Review the following lecture:
Healthcare Ethics (Stem Cell Research)
Technological advances over the past few decades have today created medical possibilities without boundaries and also invoked nightmarish science fiction imagery beyond what was previously imagined.
Even its opponents have not denied the medical benefits of stem cell research. Stem cell research proponents cite the promise it holds for curing what are now incurable diseases such as Alzheimer’s, Parkinson’s, amyotrophic lateral sclerosis (ALS) or Lou Gehrig’s disease, and multiple sclerosis, as well as spinal cord injuries (Pozgar, 2016). Opponents of stem cell research argue that this practice is a slippery slope to reproductive cloning and fundamentally devalues the worth of a human being.
The debate surrounding human embryonic stem cell research plays a crucial role in the culture wars. Those who embrace post-traditional morality see no ethical problem with the destruction of human embryos for research and therapies (Joseph, 2013). There are an estimated hundred million people worldwide who are afflicted by these medical conditions. As personalized medicine and patient stratification come to the fore and therapies are becoming more patient specific, important questions are being raised regarding whether conclusions gained from using a single genomic background in a drug screening assay are globally applicable (Minger, 2013). Stem cells are thought to hold the possibility of creating human organs, which will match the cellular structure of the organ recipient.
Opponents of stem cell research declare the use and destruction of life (or potential life) in the form of embryonic stem cells as unacceptable. Opponents of embryonic stem cell research draw a parallel to the experimentation on human beings in the World War II concentration camps. Because the embryo must be destroyed to obtain embryonic stem cells, and because many opponents of stem cell research equate embryonic stem cells with life, they conclude that such medical breakthroughs cannot ethically be obtained at the expense of human life. On August 9, 2001, President George W. Bush announced his policy on research involving human embryonic stem cells and proclaimed that federal funding would be allocated only to research involving human embryonic stem cell lines produced prior to his announcement (Yaniv, 2008).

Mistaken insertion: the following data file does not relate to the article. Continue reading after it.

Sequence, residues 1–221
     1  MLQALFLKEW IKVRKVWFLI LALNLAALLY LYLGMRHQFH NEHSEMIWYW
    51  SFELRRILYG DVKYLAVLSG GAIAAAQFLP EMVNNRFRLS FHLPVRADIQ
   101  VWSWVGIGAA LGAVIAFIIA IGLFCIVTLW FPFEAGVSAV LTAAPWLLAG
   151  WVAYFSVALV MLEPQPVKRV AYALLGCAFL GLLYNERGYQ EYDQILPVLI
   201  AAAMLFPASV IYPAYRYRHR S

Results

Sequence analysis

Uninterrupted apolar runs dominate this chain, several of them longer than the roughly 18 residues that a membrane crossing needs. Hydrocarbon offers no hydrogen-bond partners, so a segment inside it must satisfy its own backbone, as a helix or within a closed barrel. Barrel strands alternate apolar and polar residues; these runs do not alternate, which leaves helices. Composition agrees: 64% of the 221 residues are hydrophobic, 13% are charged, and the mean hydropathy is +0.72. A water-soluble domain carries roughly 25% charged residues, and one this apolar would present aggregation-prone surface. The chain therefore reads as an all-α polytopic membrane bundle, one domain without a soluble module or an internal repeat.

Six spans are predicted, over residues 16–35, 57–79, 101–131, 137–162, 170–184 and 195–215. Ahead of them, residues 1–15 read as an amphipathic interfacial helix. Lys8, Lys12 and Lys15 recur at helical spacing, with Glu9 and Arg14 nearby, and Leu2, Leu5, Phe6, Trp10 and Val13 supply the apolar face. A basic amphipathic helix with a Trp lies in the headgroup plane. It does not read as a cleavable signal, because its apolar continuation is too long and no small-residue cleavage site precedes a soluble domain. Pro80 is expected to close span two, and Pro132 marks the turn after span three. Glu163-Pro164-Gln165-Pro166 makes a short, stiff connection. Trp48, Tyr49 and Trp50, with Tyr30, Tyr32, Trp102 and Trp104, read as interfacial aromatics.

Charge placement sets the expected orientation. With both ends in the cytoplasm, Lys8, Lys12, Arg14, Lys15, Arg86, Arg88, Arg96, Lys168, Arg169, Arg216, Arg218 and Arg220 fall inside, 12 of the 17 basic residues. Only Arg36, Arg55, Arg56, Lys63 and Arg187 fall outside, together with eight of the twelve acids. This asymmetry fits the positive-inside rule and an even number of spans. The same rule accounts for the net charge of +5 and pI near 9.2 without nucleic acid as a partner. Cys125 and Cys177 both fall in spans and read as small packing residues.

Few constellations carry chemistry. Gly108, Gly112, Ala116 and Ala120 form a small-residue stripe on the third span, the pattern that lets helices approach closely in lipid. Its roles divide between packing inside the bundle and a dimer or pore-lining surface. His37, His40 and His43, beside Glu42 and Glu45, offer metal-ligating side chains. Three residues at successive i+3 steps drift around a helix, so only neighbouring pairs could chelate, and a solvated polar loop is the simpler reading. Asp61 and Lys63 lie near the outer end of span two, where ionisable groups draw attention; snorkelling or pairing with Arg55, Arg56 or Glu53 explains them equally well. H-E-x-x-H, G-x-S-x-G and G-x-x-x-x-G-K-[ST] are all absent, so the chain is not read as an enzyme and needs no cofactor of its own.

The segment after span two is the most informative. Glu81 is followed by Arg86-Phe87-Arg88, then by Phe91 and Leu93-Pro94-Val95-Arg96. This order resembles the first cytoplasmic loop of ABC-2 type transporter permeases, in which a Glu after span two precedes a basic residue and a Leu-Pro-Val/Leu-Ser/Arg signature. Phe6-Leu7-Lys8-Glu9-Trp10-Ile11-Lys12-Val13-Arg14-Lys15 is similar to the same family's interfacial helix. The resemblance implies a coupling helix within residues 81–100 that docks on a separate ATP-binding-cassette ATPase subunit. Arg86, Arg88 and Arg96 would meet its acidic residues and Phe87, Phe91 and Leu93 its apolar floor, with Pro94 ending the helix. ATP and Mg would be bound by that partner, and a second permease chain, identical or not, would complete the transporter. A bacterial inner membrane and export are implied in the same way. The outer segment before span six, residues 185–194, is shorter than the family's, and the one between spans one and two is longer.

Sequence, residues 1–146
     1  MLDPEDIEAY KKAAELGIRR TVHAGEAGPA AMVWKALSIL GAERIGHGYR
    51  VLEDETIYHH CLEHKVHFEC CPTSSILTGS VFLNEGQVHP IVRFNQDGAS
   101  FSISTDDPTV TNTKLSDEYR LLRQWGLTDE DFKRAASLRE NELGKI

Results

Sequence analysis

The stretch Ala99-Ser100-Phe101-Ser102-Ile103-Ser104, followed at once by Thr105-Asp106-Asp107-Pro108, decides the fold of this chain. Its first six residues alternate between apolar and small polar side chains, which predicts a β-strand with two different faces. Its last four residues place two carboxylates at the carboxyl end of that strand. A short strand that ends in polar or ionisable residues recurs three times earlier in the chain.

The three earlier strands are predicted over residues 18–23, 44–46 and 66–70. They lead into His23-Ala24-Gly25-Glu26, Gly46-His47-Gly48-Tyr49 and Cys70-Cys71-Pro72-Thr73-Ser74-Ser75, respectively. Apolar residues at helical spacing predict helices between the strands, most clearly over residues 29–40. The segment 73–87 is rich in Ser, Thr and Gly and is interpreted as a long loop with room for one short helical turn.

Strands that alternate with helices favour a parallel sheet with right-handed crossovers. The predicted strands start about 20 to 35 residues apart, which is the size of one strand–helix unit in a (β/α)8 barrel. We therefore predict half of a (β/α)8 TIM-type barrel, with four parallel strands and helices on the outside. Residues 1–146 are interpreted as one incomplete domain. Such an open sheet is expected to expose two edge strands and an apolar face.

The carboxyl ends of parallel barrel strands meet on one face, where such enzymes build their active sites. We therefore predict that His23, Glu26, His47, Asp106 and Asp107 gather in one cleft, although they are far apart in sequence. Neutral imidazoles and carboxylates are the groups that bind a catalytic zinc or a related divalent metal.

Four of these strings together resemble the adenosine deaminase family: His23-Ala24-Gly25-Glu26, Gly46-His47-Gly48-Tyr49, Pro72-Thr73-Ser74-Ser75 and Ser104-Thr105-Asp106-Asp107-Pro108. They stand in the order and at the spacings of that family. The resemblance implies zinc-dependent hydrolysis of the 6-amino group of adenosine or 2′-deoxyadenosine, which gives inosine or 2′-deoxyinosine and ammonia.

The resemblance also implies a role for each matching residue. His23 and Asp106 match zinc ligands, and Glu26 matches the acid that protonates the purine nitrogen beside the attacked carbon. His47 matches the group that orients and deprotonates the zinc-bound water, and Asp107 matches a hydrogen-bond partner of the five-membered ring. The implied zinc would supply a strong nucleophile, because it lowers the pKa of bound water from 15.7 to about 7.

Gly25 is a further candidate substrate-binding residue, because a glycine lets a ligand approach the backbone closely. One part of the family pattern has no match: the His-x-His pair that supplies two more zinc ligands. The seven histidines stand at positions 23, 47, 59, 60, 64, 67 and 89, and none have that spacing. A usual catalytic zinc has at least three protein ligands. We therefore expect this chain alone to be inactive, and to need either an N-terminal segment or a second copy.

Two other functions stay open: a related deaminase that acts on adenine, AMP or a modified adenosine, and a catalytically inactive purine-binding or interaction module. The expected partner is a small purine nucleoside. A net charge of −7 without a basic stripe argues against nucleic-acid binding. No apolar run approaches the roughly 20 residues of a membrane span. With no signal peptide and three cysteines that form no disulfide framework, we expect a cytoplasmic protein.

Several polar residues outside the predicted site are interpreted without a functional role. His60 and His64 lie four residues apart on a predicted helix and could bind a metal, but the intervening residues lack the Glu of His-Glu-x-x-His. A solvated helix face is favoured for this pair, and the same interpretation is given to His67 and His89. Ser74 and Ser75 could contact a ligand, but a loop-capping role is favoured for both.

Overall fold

Ideally, for a medical practice to be considered “ethical,” it must respect all the four of these principles: autonomy, justice, beneficence, and nonmaleficence.
Review each tab to know more.
Requires that the patient have the autonomy of thought, intention, and action when making decisions regarding healthcare procedures.
When Does the Ethic Come into Play: Example
A woman enters the emergency room with stomach pain. She undergoes a CT scan and is diagnosed with an abdominal aortic aneurysm, a weakening in the wall of the aorta, which causes it to stretch and bulge. (This is very similar to what led to John Ritter’s death.) The physicians inform her that the only way to fix the problem is surgically and that the chances of survival are about 50/50. They also inform her that time is of the essence, and should the aneurysm burst, she would be dead in a few short minutes. The woman is an erotic dancer; she worries that the surgery will leave a scar that will negatively affect her work; therefore, she refuses any surgical treatment.
Ideal Actions to be Taken to Observe or Conform to Ethic: As per the Example
The decision-making process must be free of coercion or coaxing. In order for a patient to make a fully informed decision, she or he must understand all risks and benefits of the procedure and the likelihood of success.
Cases in Medical Ethics. (2005). Retrieved from https://www.scu.edu/ethics/focus-areas/bioethics/resources/cases-in-medical-ethics-student-led-discussions/
Ethical Issues in Healthcare Research
Ethical norms are so ubiquitous that one might be tempted to regard them as simple commonsense. On the other hand, if morality were nothing more than commonsense, there are so many ethical disputes and issues in our society.